Archaeologists find ancient 'freezer' at flood defences dig

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AN old freezer is being investigated after being found dumped in the middle of Craigmillar.

But the case is unlikely to trouble the city's fly-tipping patrols, as the discovery dates back hundreds of years.

The 18th century ice house is just one of a series of new discoveries made by archaeologists at the Niddrie Marischal estate over the past few weeks ahead of flood prevention work in the area.

Pottery has also been recovered from medieval ditches - dating back to the 15th century or possibly even earlier - and evidence of a 17th century farm has been uncovered.

Niddrie Marischal House was built on the site around 1636 and was demolished in the 1960s, but it is believed the origins of the estate may go as far back as the 12th century.

John Lawson, the council's curator of archaeology, said: "It's a very interesting site. We're getting new evidence which adds to the picture of Craigmillar and the history of the area.

"What we're looking at now is evidence from the past 400 years and we hope to get evidence going back beyond that.

"One of the things we have found was something we never knew existed, an early farmhouse. "We have found a very nice well associated with the farmhouse which may throw up some interesting artefacts."

The remains of the farm include cobbled surfaces and hearth and stone foundations.

A replacement farm was built around 1800 just to the east of these remains.

The earliest form of freezer, ice houses were a common feature of large mansions throughout the UK in the late 18th and 19th centuries.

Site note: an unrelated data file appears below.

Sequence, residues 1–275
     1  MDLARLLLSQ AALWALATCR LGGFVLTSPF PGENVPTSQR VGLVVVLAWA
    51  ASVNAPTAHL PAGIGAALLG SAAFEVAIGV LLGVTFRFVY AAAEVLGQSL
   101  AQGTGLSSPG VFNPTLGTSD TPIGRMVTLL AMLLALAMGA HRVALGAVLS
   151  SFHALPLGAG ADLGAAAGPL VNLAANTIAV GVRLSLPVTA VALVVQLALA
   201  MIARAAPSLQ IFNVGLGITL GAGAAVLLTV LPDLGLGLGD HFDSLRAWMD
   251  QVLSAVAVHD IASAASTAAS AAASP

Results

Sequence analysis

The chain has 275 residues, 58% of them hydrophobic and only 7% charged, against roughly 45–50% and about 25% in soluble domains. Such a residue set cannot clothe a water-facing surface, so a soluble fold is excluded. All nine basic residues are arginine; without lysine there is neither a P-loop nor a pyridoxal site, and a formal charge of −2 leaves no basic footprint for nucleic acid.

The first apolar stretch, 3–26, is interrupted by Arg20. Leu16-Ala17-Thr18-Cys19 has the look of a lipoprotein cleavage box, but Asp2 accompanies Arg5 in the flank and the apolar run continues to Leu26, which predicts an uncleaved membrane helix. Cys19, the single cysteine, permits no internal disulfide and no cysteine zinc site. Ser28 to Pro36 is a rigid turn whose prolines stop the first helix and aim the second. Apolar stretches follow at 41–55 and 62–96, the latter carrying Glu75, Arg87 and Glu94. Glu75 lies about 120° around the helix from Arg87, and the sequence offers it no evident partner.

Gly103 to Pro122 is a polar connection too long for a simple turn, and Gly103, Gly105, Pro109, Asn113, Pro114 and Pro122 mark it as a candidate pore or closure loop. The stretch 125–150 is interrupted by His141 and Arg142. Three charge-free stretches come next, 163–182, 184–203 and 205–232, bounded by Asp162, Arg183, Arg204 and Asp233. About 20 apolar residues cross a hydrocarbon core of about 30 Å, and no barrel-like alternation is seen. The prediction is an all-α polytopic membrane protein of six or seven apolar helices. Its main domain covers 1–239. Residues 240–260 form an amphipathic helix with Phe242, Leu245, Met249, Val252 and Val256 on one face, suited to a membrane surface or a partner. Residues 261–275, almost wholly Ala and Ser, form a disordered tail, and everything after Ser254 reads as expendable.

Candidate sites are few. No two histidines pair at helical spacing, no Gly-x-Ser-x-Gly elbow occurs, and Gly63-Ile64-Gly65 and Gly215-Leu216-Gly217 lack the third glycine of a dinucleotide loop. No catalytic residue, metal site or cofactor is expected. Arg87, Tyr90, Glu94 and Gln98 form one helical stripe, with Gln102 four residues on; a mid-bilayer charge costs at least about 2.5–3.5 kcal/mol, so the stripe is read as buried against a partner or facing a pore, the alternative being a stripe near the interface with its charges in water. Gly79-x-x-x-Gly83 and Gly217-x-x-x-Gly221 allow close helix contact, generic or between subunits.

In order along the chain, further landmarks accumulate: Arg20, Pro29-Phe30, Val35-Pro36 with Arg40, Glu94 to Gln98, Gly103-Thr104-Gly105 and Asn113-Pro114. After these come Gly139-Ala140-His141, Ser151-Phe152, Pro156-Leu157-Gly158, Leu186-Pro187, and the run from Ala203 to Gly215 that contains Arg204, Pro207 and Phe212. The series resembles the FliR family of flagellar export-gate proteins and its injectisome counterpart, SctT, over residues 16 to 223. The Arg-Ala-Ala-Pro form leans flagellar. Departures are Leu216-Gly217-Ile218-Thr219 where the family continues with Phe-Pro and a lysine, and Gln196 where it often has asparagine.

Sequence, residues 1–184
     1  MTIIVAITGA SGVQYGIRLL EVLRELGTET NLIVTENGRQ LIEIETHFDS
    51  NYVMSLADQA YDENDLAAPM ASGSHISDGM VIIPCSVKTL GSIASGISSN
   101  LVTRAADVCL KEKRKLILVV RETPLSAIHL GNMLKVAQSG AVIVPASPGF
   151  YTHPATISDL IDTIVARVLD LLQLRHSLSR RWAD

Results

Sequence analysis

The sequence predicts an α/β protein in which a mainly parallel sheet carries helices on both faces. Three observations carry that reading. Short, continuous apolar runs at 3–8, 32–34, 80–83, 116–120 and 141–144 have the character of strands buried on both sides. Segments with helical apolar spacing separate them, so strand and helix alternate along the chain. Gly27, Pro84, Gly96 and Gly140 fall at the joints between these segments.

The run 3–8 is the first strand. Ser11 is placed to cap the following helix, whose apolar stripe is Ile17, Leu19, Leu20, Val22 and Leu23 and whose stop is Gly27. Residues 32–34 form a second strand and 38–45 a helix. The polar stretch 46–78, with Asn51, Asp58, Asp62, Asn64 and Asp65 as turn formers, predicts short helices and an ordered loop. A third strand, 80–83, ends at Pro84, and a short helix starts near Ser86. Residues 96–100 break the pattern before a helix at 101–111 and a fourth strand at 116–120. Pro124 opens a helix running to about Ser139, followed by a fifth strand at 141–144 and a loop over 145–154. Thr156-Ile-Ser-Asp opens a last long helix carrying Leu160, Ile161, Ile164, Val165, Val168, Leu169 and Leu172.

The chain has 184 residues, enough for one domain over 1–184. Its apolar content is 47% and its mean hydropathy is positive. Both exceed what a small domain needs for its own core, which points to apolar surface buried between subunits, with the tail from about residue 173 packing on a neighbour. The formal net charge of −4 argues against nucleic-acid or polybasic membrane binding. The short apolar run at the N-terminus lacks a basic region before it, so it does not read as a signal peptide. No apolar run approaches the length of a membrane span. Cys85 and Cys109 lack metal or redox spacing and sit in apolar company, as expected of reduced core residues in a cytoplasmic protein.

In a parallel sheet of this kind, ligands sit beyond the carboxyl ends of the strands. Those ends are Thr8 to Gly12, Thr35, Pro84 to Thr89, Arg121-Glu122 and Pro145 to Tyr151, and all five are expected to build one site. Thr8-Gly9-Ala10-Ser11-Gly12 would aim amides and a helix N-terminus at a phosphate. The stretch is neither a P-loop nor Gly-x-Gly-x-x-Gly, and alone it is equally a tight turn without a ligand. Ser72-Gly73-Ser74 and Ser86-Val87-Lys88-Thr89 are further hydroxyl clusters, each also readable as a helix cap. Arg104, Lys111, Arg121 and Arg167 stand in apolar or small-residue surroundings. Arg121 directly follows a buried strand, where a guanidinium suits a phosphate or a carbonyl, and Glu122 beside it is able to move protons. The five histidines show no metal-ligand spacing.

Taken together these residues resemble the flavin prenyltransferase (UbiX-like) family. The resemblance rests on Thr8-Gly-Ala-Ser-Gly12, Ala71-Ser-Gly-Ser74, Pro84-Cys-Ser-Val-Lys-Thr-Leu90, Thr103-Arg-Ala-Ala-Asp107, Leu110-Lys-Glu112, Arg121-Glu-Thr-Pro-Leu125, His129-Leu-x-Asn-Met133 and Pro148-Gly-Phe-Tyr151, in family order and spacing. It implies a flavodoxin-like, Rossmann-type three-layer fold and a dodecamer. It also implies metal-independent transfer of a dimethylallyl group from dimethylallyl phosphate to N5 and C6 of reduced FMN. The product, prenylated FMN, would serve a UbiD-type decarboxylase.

The large chambers were dug into mounds and filled with ice or snow in the winter, and were used to preserve food and to keep wines cool in summer.

It is hoped the ice house, a circular stone-lined pit, will be preserved on the site.

Archeologists will continue to work on the site for the next few weeks and it is hoped there may be more exciting discoveries.

The items will be available to view at an open day this Saturday, from 10am to 4pm, where there will be an opportunity to meet the archaeological team, see the finds and explore the remains of the ice house.

Visitors will also have the last chance to see the 100ft sculpture of Gulliver the Gentle Giant, created by convicted murderer Jimmy Boyle while in prison, and the results of a laser survey carried out on the figure.

The rundown monument will soon be removed as part of the Niddrie Burn Restoration Scheme, but it is hoped Gulliver's left foot will be preserved on site as a memorial.

Councillor Deidre Brock, the city's culture and leisure convener, said: "Edinburgh's fascinating past is already world renowned. These excavations by our archaeological service show once again how much more history is there lying just beneath our feet."